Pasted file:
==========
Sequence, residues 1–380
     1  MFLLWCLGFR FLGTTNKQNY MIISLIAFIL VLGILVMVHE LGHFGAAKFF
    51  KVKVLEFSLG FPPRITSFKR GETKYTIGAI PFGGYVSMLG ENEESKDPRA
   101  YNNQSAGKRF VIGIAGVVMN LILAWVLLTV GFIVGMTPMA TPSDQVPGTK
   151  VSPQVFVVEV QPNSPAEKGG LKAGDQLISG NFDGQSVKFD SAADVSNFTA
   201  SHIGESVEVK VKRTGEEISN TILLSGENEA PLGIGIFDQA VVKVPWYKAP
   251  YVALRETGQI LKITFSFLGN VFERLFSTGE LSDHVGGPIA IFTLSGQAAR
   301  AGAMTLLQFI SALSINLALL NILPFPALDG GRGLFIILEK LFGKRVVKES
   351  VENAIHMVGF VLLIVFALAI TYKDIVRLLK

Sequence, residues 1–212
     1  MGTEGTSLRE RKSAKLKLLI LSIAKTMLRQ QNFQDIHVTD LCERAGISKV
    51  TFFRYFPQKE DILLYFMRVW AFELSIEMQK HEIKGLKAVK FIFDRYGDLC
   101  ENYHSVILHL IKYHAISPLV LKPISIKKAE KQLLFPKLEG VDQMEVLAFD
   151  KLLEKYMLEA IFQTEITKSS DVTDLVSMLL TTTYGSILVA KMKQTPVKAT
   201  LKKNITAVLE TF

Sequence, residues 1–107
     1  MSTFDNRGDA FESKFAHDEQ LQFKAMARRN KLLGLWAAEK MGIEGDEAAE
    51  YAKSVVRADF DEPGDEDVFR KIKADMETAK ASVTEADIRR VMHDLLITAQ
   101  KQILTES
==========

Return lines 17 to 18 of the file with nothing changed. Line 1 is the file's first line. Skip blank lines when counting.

     1  MSTFDNRGDA FESKFAHDEQ LQFKAMARRN KLLGLWAAEK MGIEGDEAAE
    51  YAKSVVRADF DEPGDEDVFR KIKADMETAK ASVTEADIRR VMHDLLITAQ